Evans’ ACS PRF Award to Aid in Low-Energy, Low-Cost Polymer Membranes

“We’re excited to assist in designing the next generation of low-energy and low-cost membranes,” said Assistant Professor of Materials Science and Engineering Christopher Evans. He has been awarded a $110,000 grant from the American Chemical Society Petroleum Research Fund (ACS PRF) for his research on polymer membranes. The Doctoral New Investigator (DNI) grant supports a two-year project that began in July entitled “Understanding organic liquid transport in polymerized ionic liquid networks and blends.” 

Currently, many industrial separations are performed using distillation which relies on differences in boiling points of components. However, this method requires a large amount of energy and many organic molecules have similar boiling points, making separations difficult. Petroleum is a mixture of thousands of distinct organic molecules and the isolation of the various species represents a multibillion dollar industry.

“Cheap, large scale membranes would enable a number of industries from pharmaceuticals to refineries to move away from distillation, which can account for upwards of 80% of the energy costs for chemical separations,” Evans said.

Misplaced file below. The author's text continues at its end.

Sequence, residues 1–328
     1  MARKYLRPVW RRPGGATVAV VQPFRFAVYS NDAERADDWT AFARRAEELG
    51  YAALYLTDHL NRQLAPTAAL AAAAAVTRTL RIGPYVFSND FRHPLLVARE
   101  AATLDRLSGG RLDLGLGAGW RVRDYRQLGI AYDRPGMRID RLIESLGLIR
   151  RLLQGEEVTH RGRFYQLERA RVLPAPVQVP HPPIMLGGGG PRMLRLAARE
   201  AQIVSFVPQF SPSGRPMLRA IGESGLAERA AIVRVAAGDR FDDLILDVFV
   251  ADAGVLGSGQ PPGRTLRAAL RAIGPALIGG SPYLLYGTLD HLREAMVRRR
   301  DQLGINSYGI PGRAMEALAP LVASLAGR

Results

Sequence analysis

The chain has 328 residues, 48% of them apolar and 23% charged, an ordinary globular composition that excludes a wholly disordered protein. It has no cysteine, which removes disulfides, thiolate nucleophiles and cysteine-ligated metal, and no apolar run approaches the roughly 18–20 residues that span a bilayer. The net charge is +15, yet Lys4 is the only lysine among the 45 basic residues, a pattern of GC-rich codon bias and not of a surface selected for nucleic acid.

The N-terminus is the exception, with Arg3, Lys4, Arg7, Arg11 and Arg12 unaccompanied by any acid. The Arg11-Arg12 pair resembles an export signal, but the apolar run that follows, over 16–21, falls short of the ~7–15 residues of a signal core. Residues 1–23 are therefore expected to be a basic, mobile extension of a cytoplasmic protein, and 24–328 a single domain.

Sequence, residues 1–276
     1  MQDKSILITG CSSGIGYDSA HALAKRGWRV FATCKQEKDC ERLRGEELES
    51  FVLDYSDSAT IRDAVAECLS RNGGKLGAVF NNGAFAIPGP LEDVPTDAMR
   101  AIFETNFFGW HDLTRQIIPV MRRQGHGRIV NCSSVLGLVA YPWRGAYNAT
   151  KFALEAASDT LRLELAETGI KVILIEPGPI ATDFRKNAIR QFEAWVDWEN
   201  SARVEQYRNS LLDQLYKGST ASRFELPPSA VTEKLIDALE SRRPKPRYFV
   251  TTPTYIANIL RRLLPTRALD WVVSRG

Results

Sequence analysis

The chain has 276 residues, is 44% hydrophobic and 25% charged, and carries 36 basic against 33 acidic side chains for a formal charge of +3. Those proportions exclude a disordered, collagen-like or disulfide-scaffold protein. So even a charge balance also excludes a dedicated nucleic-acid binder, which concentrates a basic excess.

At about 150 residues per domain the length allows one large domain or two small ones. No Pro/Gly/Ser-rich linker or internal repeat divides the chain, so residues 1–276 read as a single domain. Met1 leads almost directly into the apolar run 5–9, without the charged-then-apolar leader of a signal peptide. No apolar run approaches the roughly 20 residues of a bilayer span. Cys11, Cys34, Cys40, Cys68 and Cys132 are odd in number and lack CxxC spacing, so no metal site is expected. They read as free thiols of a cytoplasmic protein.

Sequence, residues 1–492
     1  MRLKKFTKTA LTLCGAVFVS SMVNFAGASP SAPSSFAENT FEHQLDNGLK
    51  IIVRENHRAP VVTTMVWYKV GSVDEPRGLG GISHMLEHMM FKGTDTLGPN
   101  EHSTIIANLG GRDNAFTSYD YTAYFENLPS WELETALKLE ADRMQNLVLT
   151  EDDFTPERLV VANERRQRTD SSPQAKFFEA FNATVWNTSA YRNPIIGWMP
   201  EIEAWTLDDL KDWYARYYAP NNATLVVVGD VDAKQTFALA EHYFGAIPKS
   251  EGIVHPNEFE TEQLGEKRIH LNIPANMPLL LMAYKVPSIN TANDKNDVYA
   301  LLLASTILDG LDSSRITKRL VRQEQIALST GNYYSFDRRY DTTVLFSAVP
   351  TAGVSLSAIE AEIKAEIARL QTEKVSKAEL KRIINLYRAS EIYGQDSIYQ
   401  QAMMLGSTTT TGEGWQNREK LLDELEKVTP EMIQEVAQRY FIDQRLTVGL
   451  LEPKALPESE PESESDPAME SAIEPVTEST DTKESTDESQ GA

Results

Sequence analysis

The Evans group is focusing on developing polymer membranes which operate under ambient conditions as passive elements. These membranes are being designed to separate components based on their interaction with the polymer. Specifically, the membrane properties can be tuned through synthesis to favor the passage of certain components in a mixture.

To design the next generation of low-energy/low-cost membranes, the Evans group is making polymers with ionic liquid (IL) groups attached to the backbone of the polymer. Ionic liquids are composed entirely of cations and anions which are bulky, molecular species that melt near room temperature. By incorporating ILs into the polymer to create a polymerized ionic liquid (PIL), the polarity and aromaticity can be systematically controlled which dictates the solubility of various organic liquids in the polymer.

“Determining how the molecular scale polymer-liquid interactions relate to the macroscopic membrane performance is a key aim of this work,” Evans said.

Membranes used in separations must also be able to handle pressurized feeds and to that end, the group is pursuing crosslinked network PILs as well as blending of PILs with mechanically robust blend partners. With tougher membranes, the thickness can be decreased to provide a greater permeation of the desired products as long as selectivity is retained.

The DNI grants from the ACS PRF fund the careers of young faculty by supporting fundamental research relevant to the petroleum field and support advanced scientific education of the next generation of scientists and engineers.